18 June 2010, viewed: 2119 times
By Carrie Costantini
In Indonesia, the threat of a disaster or emergency is constant, from typhoons and earthquakes to motorcycle and automobile accidents. The country, made up of thousands of islands, lies on a series of fault lines directly aligned with the Pacific Ring of Fire, the most seismically active area in the world, so earthquakes are common.
Lutheran World Relief, with our local partner organization Yakkum Emergency Unit (YEU), is working with communities on the island of Nias, located off the west coast of Sumatra, to anticipate and prepare for disasters. LWR and YEU are hoping to limit the amount of damage and stress that can occur during a disaster by working with schools and community organizations to help them develop safety trainings and evacuation plans, and encourage networking and information sharing between villages to solve large scale problems.
People remember information instilled in them at an early age (remember Stop, Drop and Roll?), so student involvement is key. When I visited recently, a local elementary school gave a demonstration on how to use basic first aid skills to assist those in need during an emergency. The students acted out a scenario involving a motorcycle accident with two victims, working quickly and harmoniously to ensure their patients were given the needed care.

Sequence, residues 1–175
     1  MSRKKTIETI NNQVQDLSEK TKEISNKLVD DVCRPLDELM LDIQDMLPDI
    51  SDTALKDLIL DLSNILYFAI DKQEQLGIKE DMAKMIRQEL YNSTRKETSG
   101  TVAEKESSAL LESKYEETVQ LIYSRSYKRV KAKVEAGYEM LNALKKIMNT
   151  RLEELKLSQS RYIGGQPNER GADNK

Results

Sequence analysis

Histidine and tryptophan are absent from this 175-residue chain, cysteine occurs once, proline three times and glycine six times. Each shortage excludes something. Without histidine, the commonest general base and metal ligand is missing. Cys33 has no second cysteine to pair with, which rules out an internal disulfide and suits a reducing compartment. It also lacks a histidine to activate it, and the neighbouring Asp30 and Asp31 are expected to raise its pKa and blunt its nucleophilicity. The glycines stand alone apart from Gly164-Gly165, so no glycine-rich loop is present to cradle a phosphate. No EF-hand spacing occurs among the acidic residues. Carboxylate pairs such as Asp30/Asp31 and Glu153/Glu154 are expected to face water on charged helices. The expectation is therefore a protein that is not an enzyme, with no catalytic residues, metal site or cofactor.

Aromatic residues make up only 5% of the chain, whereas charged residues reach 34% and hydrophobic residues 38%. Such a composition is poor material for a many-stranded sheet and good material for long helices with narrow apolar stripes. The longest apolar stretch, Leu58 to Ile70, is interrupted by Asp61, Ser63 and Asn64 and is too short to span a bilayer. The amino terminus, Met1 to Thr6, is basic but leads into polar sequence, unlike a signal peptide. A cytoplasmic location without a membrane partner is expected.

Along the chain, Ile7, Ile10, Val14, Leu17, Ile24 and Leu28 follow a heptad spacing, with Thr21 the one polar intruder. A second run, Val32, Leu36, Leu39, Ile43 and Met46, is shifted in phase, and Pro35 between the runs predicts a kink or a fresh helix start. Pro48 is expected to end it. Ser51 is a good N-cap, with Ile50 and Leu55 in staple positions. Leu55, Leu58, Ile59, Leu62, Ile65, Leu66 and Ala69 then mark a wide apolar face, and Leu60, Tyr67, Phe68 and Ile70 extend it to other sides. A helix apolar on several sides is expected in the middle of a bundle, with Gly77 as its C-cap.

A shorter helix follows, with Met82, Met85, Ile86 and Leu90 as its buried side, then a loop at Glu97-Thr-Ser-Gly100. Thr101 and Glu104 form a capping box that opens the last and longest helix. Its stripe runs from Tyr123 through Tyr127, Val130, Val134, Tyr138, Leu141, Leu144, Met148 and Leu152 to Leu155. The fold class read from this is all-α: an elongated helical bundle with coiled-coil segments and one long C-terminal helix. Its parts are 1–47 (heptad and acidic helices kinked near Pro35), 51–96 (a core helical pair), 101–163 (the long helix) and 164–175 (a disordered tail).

Community-based organizations are also important since they already work and provide services in the community, which creates an inherent trust and makes this type of training more legitimate to the people of the village. Not only are LWR and YEU equipping communities to better respond to disasters, we are also empowering them to advocate for access to government resources. Now, if an earthquake occurs, the village has a plan in place such as pre-arranged meeting locations, tsunami warnings and school disaster task forces.
One community leader, Sokhiatialo Hareta, explained that “during the 2005 earthquake, it was chaos, messy. No one knew what to do.” But during a recent earthquake, Hareta said, everything was organized and families already knew they should go to the pre-planned evacuation spot. Many other community leaders recalled that when a massive earthquake struck their island just weeks after the devastating 2004 tsunami, families did not know proper procedures or have any emergency plans in place. But through this program, everyone in the community now knows what to do and where to go.
LWR and our partners are working on other projects around the world that help communities adapt to and mitigate the devastating effects of disasters. From landslide risk reduction in El Salvador to resource management and mangrove reforestation in the Philippines, LWR is helping rural communities learn important skills to minimize their risk.
Carrie Costantini is LWR’s Public Policy and Advocacy Associate
this story is co-posted from http://lwr.org/eNews/articles/eNews0610_Indonesia.asp